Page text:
This article was originally published by Policy Magazine (Canadian Politics and Public Policy).
By Elizabeth May
October 21, 2021
As we get closer to the COP26 (26th Conference of the Parties of the United Nations Framework Convention on Climate Change) climate change negotiations in Glasgow, I am gratified by the clarity of press coverage. In contrast to the pre-Copenhagen, pre-Paris advance rave reviews, it seems to me there is a higher degree of skepticism. Not exactly “show me the money” — although climate finance remains a hot (and unresolved) topic – but definitely “show me the progress.”
Greta Thunberg has set the right tone. This child leader is anything but childish. More than nearly anyone on the planet, she speaks accurately to the science with an unforgiving moral clarity. She hears the politicians claiming to be climate leaders, quotes them and punctures their rhetorical balloons.
“Build back better. Blah, blah, blah. Green economy. Blah blah blah. Net zero by 2050. Blah, blah, blah…Our hopes and ambitions drown in their empty promises,” Thunberg said recently.
The tone of her comments was surprisingly matched by HM Queen Elizabeth. “It’s really irritating when they talk, but they don’t do,” she said, in a private comment picked up by a hot microphone.
Saul Griffith, inventor and Australian climate expert, was recently interviewed by Laura Lynch for CBC Radio’s What on Earth. In the same vein as Thunberg, Griffiths reacted to the tortuous rationale of our environment and climate change minister, Jonathan Wilkinson, trying to explain how building a pipeline helps us go off fossil fuels. Griffiths’ response was that it was “word salad” nonsense, which he then attributed to our energy minister. CBC host Lynch corrected him, “No, environment minister” and they both laughed.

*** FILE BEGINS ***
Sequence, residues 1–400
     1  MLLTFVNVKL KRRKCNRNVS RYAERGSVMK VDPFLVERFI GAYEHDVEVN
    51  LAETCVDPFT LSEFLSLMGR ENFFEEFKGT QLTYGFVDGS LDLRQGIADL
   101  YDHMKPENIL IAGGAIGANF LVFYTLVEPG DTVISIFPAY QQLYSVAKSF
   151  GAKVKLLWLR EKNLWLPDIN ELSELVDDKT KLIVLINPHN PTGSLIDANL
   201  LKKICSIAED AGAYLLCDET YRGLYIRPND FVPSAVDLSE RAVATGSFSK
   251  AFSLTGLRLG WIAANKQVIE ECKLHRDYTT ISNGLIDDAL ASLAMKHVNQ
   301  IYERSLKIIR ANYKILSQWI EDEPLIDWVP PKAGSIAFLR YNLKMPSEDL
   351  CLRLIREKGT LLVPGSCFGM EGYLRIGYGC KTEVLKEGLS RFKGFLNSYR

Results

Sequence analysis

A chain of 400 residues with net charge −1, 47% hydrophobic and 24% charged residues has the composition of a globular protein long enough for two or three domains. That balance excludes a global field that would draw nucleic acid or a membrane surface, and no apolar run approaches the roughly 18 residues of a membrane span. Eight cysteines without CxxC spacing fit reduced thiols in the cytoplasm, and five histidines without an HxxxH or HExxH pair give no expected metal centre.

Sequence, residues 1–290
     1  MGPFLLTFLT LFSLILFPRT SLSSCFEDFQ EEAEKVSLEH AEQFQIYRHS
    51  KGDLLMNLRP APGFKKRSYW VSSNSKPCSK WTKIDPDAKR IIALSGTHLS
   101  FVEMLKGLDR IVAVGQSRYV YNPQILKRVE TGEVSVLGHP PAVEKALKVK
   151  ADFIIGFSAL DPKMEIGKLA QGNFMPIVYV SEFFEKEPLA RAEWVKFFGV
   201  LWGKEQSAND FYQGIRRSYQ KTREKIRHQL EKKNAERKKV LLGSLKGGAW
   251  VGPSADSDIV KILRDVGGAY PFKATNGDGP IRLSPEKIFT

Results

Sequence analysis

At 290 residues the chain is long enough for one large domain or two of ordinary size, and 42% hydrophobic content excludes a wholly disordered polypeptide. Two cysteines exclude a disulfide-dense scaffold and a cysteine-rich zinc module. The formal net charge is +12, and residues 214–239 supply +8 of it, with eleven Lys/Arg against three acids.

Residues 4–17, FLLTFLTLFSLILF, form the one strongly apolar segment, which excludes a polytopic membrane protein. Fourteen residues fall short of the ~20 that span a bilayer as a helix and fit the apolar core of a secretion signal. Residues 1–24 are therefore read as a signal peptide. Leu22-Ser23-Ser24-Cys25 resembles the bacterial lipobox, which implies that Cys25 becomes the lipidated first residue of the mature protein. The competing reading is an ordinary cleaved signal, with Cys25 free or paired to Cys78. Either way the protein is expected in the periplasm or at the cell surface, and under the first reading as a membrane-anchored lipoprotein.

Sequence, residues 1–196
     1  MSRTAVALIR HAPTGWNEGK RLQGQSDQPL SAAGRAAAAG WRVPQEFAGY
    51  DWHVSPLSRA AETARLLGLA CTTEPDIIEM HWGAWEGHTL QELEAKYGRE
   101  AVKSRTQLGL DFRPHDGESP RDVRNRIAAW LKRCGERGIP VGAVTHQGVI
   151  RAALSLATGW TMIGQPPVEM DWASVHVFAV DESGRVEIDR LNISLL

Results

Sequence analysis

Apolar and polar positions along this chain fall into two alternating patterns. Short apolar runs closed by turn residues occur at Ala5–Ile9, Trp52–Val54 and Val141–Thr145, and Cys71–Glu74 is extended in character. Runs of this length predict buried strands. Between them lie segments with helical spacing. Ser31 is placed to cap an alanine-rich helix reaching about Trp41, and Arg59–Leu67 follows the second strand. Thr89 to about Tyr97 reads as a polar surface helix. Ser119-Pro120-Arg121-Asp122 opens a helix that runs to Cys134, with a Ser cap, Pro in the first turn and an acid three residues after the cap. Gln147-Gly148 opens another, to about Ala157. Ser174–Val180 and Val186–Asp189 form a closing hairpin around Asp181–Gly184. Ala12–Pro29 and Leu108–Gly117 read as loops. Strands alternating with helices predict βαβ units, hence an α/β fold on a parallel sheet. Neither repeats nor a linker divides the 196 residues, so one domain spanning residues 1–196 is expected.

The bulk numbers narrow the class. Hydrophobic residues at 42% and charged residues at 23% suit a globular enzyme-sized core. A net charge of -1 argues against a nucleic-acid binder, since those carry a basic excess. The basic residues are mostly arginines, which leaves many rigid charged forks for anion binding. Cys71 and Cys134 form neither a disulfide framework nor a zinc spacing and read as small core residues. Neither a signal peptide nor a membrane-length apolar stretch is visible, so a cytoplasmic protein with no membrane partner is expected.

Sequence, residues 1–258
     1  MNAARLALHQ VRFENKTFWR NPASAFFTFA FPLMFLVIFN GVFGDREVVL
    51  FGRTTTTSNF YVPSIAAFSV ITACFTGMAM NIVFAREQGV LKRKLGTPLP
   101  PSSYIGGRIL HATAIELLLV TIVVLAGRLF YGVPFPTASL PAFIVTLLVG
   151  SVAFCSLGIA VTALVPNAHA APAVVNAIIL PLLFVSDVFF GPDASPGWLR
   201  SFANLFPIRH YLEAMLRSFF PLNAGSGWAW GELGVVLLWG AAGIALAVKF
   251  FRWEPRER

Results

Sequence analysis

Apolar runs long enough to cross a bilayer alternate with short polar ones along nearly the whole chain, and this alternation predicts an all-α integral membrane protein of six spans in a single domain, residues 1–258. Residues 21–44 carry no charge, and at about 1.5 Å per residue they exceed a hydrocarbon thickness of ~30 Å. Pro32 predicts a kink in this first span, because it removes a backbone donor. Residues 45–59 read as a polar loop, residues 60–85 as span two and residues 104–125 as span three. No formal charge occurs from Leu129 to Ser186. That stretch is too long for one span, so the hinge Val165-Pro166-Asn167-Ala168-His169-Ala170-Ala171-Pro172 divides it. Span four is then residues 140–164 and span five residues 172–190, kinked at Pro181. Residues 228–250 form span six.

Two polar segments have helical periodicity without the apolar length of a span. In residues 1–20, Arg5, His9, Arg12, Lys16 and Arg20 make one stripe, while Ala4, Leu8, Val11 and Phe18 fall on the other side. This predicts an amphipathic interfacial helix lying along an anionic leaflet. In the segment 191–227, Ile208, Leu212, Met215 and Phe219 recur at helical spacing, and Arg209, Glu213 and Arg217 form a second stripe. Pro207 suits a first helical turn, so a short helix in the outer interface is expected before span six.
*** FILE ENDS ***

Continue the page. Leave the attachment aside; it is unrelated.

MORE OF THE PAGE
Of all the industrialized countries, Canada goes to COP26 with the worst record and the (just recently toughened) weakest targets for emissions reductions. We do have a chance to be better and do better. And Prime Minister Justin Trudeau has a chance to be the surprise leader Griffiths called for — the Churchillian leader, demanding that everyone do better — starting with us. It does appear that Trudeau, recently re-elected prime minister of a minority government, will be attending. The timing is opportune.
The G20 Summit is taking place in Rome October 30-31. COP26 opens the next day, not far away in Glasgow, the morning of November 1. Increasing attention has turned to which of the world leaders will be attending. In the normal flow of COPs, the first week is unexciting grunt work. Diplomats and negotiators attempt to hammer out agreed-upon texts for the ministers and high-level political leaders to accept the following week. But this year, as was the case at COP21 in Paris, leaders will speak first in a two-day summit.
Trudeau could surprise the world by abandoning our climate cowardice to announce a commitment to what is necessary. Climate goals are not political; they are based on cold, hard realities of a vanishingly small remaining carbon budget – which itself is vanishing. To have any prospect of hanging on to a livable world – avoiding the worst case-scenarios that are too terrifying to put on paper, the Intergovernmental Panel on Climate Change (IPCC) says we must slash emissions roughly in half from 2010 levels before 2030.